A major reason for doubting whether the economy has already entered recession is the strength of almost all indicators other than GDP. Both consumer and business spending are still rising, as is employment. “It’s hard to imagine how we got into a recession in the first half of this year, when the economy created so many jobs, job openings hit record highs and layoffs nearly hit record lows,” Zandi said.
As you can see in this chart from my colleague Ashley Wu, the last few months of the labor market bear little resemblance to the run-up to other recent recessions:
The fearful index
There is one caveat: professional economists are almost always late in recognizing the start of a recession. Why? They make judgments based on delayed data and, like other people, are prone to irrational optimism.
Historically, when economic forecasters have said the near-term probability of a recession is at least 30 percent, it means that a recession is actually more likely than not. I have referred to that number in the past as the Anxiety Index. What is it now? About 44 percent, according to the most recent Wall Street Journal survey of forecasters. The fear index flashes red.
“Are we going into a recession? We don’t think so yet. Shall we be in one? It’s a high risk,” Joel Prakken, the chief US economist for S&P Global Market Intelligence, told Ben Casselman.
The Fed’s rate hikes – coupled with high energy prices triggered by the Russian invasion of Ukraine and ongoing Covid disruptions around the world – have created a significant opportunity for a vicious circle of austerity and job losses. The Fed, of course, still hopes to avoid that outcome and achieve a so-called soft landing of lower inflation and sustained economic growth. But, as Michael Feroli, an economist at JP Morgan, told my colleague Jeanna Smialek, “The difficulty has probably increased.”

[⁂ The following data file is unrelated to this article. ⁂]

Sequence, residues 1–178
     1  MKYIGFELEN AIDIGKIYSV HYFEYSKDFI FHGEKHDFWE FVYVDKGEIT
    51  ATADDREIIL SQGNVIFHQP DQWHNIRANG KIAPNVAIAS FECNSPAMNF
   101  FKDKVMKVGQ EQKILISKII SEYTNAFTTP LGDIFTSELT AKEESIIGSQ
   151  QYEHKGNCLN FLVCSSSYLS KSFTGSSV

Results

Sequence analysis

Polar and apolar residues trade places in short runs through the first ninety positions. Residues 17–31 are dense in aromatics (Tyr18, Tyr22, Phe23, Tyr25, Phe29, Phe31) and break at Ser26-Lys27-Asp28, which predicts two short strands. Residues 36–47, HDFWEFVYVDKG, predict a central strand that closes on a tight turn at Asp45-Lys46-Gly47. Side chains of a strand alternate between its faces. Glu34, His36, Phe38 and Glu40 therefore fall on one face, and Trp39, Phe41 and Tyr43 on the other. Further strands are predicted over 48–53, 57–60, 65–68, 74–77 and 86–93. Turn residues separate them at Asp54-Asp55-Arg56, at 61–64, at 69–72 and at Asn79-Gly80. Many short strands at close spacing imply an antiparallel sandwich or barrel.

It’s a strange time for the economy. On the one hand, GDP figures seem to have exaggerated the economic weaknesses of the past six months. On the other hand, there are legitimate reasons to be concerned about the economy over the next six months.
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Kyler Murray’s homework nixed: The Cardinals removed a controversial clause — which had sparked outrage among fans and pundits alike — from their star quarterback’s new contract.
A new Beyoncé album
‘Renaissance’, Beyoncé’s seventh solo album, is out. Unlike the lead up to her last few releases, this one was strangely conventional: She announced the album in advance and dropped “Break My Soul,” a single inspired by 1990s dance music. She even joined TikTok.
Beyoncé’s previous unorthodox ways, including surprising visual albums and exclusivity deals with streaming services, have removed her a bit from the mainstream commercial market. Her last No. 1 single was “Single Ladies” in 2008, despite her continued prestige.
“She is still the leader of the culture,” Danyel Smith, a music journalist, told The Times. “There are people in this world to change the culture, to change the atmosphere.”
For more: The album is the first of three projects she created during the pandemic. And Times critics and reporters debate which Beyoncé album is final.
PLAY, WATCH, EAT
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Thank you for spending part of your morning at The Times. See you tomorrow. — David
PS Gilbert Cruzwhose culture recommendations appear in The Morning on Saturdays becomes The Times’ next Books editor.